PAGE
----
Will They Play?
The Falcons looking for 38th Win vs. Army
Lets Get to Know Army
Record vs. Air Force: 16 wins- 37 losses- 1 tie
Head Coach: Jeff Monken
Offensive Philosophy: Triple Option
Defensive Philosophy: 3-4
Mascot: Army Mules
Location: West Point, NY
2019 Record: 5-8
A Little History
Since its inception in 1972, Air Force has won the Commander-In-Chief’s Trophy 20 times. Compare that to their rivals from West Point, who have only possessed the sacred hardware eight times, and its easy to bury the lead.
Even though the Falcons have dominated the battle for the CIC Trophy over its history, Army has laid claim to the hardware two of the last three years, with Navy earning it last season. So Air Force may begin experiencing separation anxiety from the ultimate spoils of Military Football.
The Black Knights earned wins against the Falcons along their conquest to the CIC Trophy in 2017 and 2018. Last season, Air Force narrowly escaped with a victory in Colorado Springs. What type of ballistics will 2020 have in the chamber?
The Hypothetical Game
First things first; the Mountain West Conference has already pulled the plug on the fall football season. However, there is a Dumb and Dumber like hope “so your sayin’ there’s a chance” that Air Force will be able to play Army and Navy, keeping the battle for the Commander-In-Chief’s Trophy alive.
As is the case for nearly every school clinging to hope of playing a game this fall, nothing is guaranteed. This preview is hinged completely on the hopes of an exemption for the Air Force Academy to squeeze these two games in, despite the Conference closing up shop for the fall.
The Army Offense
When it came to putting up points, the Army offense was in the bottom half of the nation which consists of 130 teams. As a team that wants to control the clock and limit possessions, points scored can be a bit of a deceptive statistic for the Military Academies that run the triple option offense.
At just over 28 points per game, the offense was serviceable, but looking to improve. Compare that to the 32 points per game in 2018, and the delta of five points would have made the difference in three of their losses last season, and any potential for bowl eligibility.
To their credit, Army still featured the third ranked rushing offense, averaging just under 300 yards per game on the ground. This was accomplished after replacing all but one starter on the offensive line, and their leading rusher from the year prior. The Cadets from West Point also took a page from the Air Force playbook, and had to start three different quarterbacks throughout the year. That in itself is usually not a recipe for success.
One of the positive things to come from last years struggles was valuable game experience at quarterback. Jabari Laws and Christian Anderson both got spot starts in 2019 for the oft injured Kelvin Hopkins Jr. Both Laws and Anderson amassed 400 yards and four touchdowns on the ground. Where Laws separates himself is in the passing game. Even though Army rarely throws the ball, Jabari Laws completed 80% of his passes, averaging 15.6 yards per attempt. In case you’re wondering, the one-time MW Wire Player of the Year candidate, Donald Hammond III averaged 11.9 per attempt.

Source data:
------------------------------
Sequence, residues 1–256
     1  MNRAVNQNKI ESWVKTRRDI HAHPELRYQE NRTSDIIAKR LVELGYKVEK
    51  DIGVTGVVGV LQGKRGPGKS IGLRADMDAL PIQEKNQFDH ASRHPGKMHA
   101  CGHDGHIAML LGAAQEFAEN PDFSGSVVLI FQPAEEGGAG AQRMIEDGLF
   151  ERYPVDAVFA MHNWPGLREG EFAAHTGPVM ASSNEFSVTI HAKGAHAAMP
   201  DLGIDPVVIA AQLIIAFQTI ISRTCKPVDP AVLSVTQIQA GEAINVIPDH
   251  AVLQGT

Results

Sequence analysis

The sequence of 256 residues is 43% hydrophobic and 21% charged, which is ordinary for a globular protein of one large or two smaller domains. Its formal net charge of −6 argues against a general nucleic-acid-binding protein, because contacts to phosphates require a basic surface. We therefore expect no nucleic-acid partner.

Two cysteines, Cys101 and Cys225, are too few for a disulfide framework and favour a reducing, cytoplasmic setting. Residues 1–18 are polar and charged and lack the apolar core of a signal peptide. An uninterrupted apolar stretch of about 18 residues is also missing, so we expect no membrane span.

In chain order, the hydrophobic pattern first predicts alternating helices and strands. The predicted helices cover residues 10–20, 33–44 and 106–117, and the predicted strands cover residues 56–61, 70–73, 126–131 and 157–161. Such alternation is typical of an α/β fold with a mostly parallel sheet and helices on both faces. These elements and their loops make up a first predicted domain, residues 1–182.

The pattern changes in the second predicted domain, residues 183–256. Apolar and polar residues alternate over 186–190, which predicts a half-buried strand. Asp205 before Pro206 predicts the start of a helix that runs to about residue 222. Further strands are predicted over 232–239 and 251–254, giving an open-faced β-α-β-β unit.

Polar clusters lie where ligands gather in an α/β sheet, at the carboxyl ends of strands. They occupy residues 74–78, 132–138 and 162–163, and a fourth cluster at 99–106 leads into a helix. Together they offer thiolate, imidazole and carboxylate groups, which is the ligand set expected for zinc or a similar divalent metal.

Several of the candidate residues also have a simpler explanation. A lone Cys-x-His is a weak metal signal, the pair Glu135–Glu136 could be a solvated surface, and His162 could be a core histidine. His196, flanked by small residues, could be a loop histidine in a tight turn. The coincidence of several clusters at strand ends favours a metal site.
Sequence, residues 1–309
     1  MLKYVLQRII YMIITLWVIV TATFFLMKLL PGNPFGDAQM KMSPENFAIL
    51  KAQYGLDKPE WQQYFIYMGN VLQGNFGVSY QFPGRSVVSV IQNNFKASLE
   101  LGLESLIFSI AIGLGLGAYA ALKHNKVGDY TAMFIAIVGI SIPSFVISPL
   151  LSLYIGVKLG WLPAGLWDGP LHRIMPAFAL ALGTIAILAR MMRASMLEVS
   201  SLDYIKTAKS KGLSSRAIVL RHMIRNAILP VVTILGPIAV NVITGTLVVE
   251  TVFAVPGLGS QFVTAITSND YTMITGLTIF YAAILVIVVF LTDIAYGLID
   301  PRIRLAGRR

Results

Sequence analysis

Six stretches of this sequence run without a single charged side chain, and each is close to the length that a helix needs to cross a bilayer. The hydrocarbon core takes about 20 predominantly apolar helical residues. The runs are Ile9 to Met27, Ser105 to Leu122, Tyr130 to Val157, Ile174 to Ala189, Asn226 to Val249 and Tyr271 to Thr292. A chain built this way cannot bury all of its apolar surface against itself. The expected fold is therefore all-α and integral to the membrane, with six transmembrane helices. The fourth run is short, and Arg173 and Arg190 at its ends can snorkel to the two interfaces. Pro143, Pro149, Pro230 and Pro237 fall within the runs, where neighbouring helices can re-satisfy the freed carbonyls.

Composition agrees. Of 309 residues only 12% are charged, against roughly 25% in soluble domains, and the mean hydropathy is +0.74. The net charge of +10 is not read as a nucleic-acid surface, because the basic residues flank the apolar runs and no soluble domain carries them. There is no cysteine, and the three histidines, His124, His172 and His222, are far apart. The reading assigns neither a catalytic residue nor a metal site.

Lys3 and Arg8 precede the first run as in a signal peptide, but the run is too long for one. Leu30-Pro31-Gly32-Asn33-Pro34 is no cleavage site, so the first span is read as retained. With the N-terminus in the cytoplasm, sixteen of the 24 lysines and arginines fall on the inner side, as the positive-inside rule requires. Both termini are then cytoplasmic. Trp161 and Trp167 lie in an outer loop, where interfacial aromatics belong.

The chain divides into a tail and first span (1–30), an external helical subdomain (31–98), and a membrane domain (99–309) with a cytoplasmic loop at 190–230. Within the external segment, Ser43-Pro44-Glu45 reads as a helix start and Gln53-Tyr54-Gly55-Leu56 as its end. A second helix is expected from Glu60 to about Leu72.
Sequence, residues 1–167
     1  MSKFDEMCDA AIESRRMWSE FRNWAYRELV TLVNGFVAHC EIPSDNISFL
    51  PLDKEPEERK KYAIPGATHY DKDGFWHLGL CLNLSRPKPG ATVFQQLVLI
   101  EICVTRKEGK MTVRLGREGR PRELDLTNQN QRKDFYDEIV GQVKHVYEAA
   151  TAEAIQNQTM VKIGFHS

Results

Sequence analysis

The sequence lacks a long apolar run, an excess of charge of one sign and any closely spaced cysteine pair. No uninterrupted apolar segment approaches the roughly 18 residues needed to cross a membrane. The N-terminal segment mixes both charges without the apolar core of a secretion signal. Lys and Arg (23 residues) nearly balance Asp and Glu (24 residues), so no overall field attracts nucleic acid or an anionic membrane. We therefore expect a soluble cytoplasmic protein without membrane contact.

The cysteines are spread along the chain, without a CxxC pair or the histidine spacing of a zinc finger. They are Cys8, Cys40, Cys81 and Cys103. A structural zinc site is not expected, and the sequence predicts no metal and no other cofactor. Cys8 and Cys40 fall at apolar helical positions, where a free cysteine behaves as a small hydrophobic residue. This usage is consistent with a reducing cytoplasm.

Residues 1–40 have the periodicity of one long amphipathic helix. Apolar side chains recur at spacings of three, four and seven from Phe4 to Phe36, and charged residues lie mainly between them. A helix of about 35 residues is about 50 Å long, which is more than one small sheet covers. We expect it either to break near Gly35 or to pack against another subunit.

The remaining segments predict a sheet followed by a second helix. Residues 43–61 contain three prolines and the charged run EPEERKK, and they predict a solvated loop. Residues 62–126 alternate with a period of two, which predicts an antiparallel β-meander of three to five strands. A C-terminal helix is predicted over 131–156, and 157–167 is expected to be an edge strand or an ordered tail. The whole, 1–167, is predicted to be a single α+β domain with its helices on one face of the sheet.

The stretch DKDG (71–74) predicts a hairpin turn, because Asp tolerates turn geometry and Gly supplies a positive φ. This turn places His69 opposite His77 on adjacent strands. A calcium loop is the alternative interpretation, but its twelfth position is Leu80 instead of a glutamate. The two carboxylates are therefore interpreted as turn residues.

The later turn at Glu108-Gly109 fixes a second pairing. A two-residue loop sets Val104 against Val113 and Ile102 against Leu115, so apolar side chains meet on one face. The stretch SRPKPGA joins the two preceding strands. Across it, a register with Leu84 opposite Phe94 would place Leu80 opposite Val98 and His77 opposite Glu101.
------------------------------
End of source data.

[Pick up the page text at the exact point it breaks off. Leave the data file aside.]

The Falcons would be wise to learn from last year, Jabari Laws is a threat with his arm and his legs. In his start against Air Force, Laws played very well finishing with over 200 yards passing and a passer rating of 275. The key will be if he can remain healthy.
Also returning for 2020 are Sandon McCoy and his 500+ yards and 10 touchdowns, do-it-all back Artice Hobbs IV and leading pass catcher Camden Harrison. Whether its Laws or Anderson who take over the reigns of the Army offense, there will be some experienced parts around them.
The Army Defense and Special Teams
The Army defense featured some very good players in 2019. This was reflected in their 30th rank in total defense, and surrendering 23 points per game was good enough for 41st in the nation. All very respectable marks.
Air Force won’t have to reckon with inside linebacker Cole Christiansen for the first time in four years, which is an absolute relief. Also gone are stalwarts Ron Stoddard from the interior of the defensive line and Elijah Riley and Jaylon McClinton from the secondary. All key pieces to the Army defensive corp.
Even with all that talent departing, the Black Knights are still bringing back a couple of studs, particularly in their front seven. Kwabena Bonsu and Edriece Patterson will be back to disrupt the line of scrimmage. And keeping with what seems like a decade long run of talented linebackers, Arik Smith will be an anchor.
On special teams, Army should be pretty comfortable returning their primary kick and punt returners in Artice Hobbs IV and Akyah Miranda. The punting game particularly shined as Zach Harding averaged 48 yards per punt as a sophomore. Kicking duties should be with Cole Talley who was very reliable on extra points as a freshman in 2019, but was just 1 for 3 on field goal attempts.
What To Expect
If Air Force wants to sing second again in 2020, they had better not expect to enjoy the type of fortune that befell them in 2019. The game ended the same way that it started, with a 4th down goal-line stop. Even more astonishing was how their defense held Army to zero points on 12 goal to go downs. In a game whose final score was 17- 13 in favor of the Falcons, the timely stands from the defense cannot be overstated.
Hopefully this game is played, as you will be hard pressed to find a more competitive match-up all season. This game doesn’t get the same endorsement that ‘Army-Navy’ does, but its just as bloody, and every bit the battle, regardless of what Jeff Monken may say to dig at Troy Calhoun. Consider the significance this match-up weighs on who captures the Commander-In-Chief’s, and there is no hype necessary.